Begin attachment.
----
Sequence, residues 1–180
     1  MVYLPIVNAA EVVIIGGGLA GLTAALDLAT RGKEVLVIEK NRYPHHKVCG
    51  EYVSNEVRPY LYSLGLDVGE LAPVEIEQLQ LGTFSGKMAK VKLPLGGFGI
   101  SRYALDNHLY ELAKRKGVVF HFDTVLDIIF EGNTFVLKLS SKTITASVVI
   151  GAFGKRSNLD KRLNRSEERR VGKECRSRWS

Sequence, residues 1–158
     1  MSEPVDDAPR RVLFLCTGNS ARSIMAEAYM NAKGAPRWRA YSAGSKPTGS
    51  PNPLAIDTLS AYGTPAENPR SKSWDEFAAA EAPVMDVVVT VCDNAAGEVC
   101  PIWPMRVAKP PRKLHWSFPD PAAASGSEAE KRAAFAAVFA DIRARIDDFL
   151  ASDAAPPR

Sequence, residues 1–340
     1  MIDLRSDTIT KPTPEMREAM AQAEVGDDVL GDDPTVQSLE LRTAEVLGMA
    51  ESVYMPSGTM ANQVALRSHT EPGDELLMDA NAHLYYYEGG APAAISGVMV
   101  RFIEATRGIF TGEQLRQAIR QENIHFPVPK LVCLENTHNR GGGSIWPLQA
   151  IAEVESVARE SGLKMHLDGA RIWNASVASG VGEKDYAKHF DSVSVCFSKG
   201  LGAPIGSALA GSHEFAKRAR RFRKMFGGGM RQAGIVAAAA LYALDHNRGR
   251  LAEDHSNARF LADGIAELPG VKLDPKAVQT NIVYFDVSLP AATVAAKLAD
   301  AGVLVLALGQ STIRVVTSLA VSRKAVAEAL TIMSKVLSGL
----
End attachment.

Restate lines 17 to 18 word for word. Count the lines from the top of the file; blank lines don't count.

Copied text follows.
   251  LAEDHSNARF LADGIAELPG VKLDPKAVQT NIVYFDVSLP AATVAAKLAD
   301  AGVLVLALGQ STIRVVTSLA VSRKAVAEAL TIMSKVLSGL